RJ – There was one that stands out but the words are a bit…much, if you know what I mean…
Haha, we’ll leave that one there then… I feel I need to mention my tortoises are called Rodney and Jack…
RJ – Great names for your pets!!
I’ve since been told somebody else named their Rabbits after you as well…
RJ – …
Rodney Jack played 93 times for Torquay, scoring 27 times. He moved to Crewe Alexandra for a Club record fee of £650,000 where he would go on to play 163 games, cementing himself as a favorite at Gresty Road. Spells at Rushden & Diamonds, Oldham, Southport and Nantwich would follow. He now lives with his wife and children in the North West. He represented Saint Vincent and the Grenadines 45 times, scoring 23 goals – he remains the only player to leave his home country and play professional football in England.
2 thoughts on “A Catch Up With: Rodney Jack…Jack…Jack”
Just wanted to say how much I’m enjoying Torquay Talk content, and especially this Rodney Jack interview, which certainly got me thinking about Rodney Jack, that season, and that match against Scarborough. I was 13 in 1998, and it was Rodney Jack brought me to Torquay United. I mean, I’d been taken to Plainmoor a number of times in my younger childhood days – I was even at Wembley Stadium in 91 for the Blackpool match, aged six – but it was the 97-98 season, and Rodney Jack, that made Torquay United stick.
Let me tell you, that match against Scarborough, which has of course gone down in Plainmoor folklore… nothing has ever, ever come close to the atmosphere on that magical that night. The Mexican waves going all the way around the ground; the songs of que sera sera; the warmth of a late-Spring floodlit football match in a packed-out ground (I think I remember our fans occupying the away terraces on that night too.) If you could bottle that experience, you could sell it for millions. The team were so good that night, Rodney Jack was electric, he just has this pace, this extra gear which took him past defenders with ease. Oh and Steve McCall’s goal, just bloody brilliant! That was the night I fell in love. I still treasure the match day programme.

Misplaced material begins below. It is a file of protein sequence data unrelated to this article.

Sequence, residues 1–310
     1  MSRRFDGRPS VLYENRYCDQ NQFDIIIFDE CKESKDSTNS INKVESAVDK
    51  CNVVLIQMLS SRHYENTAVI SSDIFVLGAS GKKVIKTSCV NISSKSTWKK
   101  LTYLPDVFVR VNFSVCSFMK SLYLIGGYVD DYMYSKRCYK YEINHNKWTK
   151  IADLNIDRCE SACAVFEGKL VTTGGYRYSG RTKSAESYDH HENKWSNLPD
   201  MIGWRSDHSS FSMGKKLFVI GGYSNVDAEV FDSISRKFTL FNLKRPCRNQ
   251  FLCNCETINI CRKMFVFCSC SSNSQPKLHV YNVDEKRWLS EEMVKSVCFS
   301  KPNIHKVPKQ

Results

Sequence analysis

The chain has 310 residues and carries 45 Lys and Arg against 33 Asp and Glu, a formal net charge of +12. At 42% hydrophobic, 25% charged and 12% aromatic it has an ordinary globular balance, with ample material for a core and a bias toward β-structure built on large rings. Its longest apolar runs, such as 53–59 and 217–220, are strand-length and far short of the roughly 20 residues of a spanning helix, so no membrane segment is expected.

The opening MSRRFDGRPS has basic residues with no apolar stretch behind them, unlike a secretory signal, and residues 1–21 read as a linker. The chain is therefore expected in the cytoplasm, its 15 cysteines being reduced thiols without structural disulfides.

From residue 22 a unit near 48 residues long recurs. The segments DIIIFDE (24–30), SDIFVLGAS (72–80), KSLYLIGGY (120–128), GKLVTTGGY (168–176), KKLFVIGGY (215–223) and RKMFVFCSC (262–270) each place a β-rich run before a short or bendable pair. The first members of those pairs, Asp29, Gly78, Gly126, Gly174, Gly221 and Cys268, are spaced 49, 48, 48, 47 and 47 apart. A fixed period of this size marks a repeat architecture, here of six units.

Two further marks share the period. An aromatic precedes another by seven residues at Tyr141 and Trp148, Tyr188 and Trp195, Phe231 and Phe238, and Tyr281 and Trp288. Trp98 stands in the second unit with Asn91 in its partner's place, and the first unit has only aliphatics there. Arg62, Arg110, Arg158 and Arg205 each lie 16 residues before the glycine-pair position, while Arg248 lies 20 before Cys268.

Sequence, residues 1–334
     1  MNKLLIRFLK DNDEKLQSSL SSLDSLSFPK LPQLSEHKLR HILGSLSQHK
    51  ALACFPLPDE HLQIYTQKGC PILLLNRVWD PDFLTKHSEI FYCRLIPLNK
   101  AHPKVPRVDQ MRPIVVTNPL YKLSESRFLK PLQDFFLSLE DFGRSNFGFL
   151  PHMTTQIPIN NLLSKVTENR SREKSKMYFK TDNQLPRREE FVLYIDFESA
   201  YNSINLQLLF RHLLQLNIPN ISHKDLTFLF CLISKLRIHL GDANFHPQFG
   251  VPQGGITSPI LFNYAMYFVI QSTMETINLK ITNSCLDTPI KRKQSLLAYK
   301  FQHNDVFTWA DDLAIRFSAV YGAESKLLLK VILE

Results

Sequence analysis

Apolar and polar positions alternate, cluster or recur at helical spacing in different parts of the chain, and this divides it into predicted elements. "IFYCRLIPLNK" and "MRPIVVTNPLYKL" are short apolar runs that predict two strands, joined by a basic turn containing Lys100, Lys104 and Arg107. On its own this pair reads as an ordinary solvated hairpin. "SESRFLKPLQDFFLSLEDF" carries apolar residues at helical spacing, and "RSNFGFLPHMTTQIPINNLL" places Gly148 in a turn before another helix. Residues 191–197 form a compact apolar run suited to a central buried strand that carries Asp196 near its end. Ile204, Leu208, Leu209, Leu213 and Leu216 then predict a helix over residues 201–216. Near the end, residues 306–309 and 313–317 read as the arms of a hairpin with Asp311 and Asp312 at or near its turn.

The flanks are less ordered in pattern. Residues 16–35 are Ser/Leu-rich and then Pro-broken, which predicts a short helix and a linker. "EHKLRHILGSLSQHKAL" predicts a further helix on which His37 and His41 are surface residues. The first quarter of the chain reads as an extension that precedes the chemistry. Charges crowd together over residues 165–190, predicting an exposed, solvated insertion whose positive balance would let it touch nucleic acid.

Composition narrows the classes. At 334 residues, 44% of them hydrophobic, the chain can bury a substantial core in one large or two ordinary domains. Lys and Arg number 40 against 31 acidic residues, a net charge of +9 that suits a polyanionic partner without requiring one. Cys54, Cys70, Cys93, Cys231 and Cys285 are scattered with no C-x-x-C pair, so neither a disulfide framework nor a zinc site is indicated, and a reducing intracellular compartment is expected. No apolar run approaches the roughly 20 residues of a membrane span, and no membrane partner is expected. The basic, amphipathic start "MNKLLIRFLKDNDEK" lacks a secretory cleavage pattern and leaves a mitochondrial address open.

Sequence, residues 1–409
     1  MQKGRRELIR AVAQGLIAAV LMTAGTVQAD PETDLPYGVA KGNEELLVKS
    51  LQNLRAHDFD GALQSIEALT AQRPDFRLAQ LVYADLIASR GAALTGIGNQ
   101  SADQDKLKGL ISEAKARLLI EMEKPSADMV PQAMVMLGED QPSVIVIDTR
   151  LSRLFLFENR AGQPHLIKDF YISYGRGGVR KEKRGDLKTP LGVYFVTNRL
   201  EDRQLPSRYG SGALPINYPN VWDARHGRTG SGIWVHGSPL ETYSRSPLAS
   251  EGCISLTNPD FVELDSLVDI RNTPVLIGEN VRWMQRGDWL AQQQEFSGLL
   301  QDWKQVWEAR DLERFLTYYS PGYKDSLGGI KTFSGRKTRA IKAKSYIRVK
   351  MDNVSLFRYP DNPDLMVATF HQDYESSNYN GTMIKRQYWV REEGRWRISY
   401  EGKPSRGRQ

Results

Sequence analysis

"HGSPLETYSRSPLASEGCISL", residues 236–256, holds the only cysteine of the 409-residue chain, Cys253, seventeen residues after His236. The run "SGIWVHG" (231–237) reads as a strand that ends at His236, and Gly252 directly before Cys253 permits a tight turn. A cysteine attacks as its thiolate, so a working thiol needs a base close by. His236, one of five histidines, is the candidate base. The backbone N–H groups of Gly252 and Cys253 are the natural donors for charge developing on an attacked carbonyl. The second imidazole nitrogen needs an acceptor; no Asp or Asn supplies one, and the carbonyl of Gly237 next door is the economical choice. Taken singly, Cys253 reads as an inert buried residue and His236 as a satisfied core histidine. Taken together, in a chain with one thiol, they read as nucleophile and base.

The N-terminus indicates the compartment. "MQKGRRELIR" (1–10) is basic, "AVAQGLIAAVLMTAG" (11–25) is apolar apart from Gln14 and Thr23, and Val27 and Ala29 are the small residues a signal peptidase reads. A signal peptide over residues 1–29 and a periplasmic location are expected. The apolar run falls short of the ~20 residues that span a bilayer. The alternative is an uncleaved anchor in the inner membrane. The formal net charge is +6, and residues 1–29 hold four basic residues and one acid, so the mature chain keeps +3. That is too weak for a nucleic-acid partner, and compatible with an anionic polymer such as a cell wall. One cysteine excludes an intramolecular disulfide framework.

Of course we all know what happened in the final, though I wasn’t at Wembley for that. It was actually the weekend my Grandad died, and because of this the whole weekend is so vivid in my memory – it’s the only play-off weekend where I can remember every match. Colchester beat Torquay 1-0 on Friday night. England drew 0-0 with Saudi Arabia on the Saturday. On Sunday, Grimsby beat Northampton 1-0. And on Sunday, Charlton beat Sunderland on penalties after a 4-4 draw after extra time, in what must surely go down as one of English club football’s greatest games.
Of course, Rodney Jack left for Crewe that summer, Kevin Hodges went to Argyle, taking Paul Gibbs and Steve McCall with him. Funnily enough, I remember the Torquay v Scarborough match the following season (0-1 to them,) as it went down in the annals for me and my dad as the worst match we’d ever seen (well, I think the recent Solihull match might have finally taken that crown!) Sadly, that play-off defeat was the demise of Scarborough, who were relegated in 99.
Sorry that your writer, Luke, says he never got to see Jack play. I suppose we all have greats that we wish we’d seen play (Tommy Northcott and Robin Stubbs for me, but way before my time!) In an age where the term “legend” is bandied around for anything, Rodney Jack stands in amongst the very best and most worthy of the title.
Nice to read about how appreciated Rodney was at Torquay though, of course, I knew that already. As the owner/manager of Lambada FC, who brought Rodney to England in 1995 on our UK Tour, I can vouch that he was a wonderful lad with a fantastic attitude who I knew was going to make it. I brought him to Torquay near the start of our Tour for two reasons: the first was to make sure no other club got to see him play as I knew he would be snapped up and the second was as a replacement for another of my lads, Greg Goodridge, who I brought to Torquay two years before and had now signed for Premier League QPR. Of course I have followed Rodney’s career closely over the ensuing years and we still chat on Facebook, even though he lives in the North East of England and I am coaching in La Liga in Spain. He remains one of the best footballers I have had the pleasure to coach in all my career. As TUFC fans will agree with, I am sure.